Press "Enter" to skip to content

ISLAND HISTORY: Kaua‘i pineapple and sugarcane homesteader Elmer Cheatham

Originally from Missouri, Elmer Cheatham (1882-1961) established residence in Honolulu in 1910 and obtained employment at B. F. Ehler’s &Co., the predecessor of Liberty House, which was in operation from 1918 to 2001.

At Ehler’s, he started off as a bookkeeper and left in 1914 as the head of Ehler’s credit department.

He then moved to Kealia, Kaua‘i, with his wife and three sons to become an independent pineapple and sugarcane homesteader in Kapa‘a.

In Honolulu on the day he boarded the steamer “Noeau” for Kaua‘i, he told a newspaper reporter, “I believe in the future of pineapples. I intend to do my own clearing, plowing, planting and harvesting, employing outside labor only when absolutely necessary. In this way I intend to cut the cost of production to the minimum.”

On Kaua‘i, Cheatham grew pineapples on his homestead for Hawaiian Canneries Co., which cultivated pineapple from 1913 to 1962 on 3,400 acres scattered over 35 miles from Hanama‘ulu to Hanalei, and canned its pineapple at its Kapa‘a cannery, now the site of Pono Kai Resort.

Later on, Cheatham raised sugarcane as an independent sugar grower for Makee Sugar Co. of Kealia.

Independent sugar growers had control over their own land, assumed full financial risk of their crops, and had contracts with a plantation to transport and grind their cane at the plantation’s mill.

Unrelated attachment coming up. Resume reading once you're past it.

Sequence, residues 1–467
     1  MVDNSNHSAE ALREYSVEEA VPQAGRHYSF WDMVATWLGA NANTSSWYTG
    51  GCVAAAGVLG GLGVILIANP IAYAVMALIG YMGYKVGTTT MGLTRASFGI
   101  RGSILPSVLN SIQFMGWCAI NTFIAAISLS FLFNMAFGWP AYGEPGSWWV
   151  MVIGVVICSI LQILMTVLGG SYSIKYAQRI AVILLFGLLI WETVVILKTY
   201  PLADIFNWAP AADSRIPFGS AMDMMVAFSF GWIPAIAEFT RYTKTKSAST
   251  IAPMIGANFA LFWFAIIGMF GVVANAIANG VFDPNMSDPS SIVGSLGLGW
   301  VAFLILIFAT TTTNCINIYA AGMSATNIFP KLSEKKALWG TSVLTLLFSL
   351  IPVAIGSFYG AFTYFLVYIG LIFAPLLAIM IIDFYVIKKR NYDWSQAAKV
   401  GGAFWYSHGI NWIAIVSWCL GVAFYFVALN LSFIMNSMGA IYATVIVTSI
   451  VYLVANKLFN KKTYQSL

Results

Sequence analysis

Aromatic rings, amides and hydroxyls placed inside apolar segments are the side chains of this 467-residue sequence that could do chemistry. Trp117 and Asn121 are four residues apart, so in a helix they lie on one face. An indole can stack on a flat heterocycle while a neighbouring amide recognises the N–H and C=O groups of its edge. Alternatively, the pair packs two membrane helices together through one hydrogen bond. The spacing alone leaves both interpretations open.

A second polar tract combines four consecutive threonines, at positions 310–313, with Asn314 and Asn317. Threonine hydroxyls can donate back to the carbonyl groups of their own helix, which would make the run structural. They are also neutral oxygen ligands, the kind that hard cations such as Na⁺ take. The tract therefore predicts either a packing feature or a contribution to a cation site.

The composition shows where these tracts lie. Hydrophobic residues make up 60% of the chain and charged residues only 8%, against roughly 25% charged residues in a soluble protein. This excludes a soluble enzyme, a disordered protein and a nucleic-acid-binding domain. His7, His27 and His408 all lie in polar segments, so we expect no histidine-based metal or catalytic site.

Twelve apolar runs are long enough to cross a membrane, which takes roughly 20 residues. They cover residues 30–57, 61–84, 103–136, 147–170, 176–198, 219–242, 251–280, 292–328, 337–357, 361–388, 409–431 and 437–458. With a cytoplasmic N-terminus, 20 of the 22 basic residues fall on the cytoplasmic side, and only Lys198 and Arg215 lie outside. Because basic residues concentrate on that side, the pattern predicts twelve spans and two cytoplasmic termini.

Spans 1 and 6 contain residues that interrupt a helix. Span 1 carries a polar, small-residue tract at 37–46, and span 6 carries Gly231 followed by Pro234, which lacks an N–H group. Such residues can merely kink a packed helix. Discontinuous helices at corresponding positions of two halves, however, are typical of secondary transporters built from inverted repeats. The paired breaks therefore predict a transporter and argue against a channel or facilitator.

During his years as a pineapple and sugarcane homesteader, Cheatham also engaged in construction.

For example, in 1923, he built a water pipeline extending from Kapa‘a town to the Wailua River for $4,800, which alleviated the water shortage in the Wailua district.

Yet, despite his best efforts, homesteading proved unprofitable.

In 1928, he quit homesteading and took a job as manager of Hawaiian Sugar Co.’s Makaweli Store and moved to Waimea.

Cheatham also served as Representative of Kaua‘i District 6 in 1940.

When Hawaiian Sugar Co. liquidated in 1941, he accepted a purchasing job at Schofield Barracks and moved to Wahiawa, O‘ahu.

A few months later, he was appointed purchasing agent for Pearl Harbor Naval Air Station.

Cheatham moved to California after World War II ended.
Source: The Garden Island

Be First to Comment

    Leave a Reply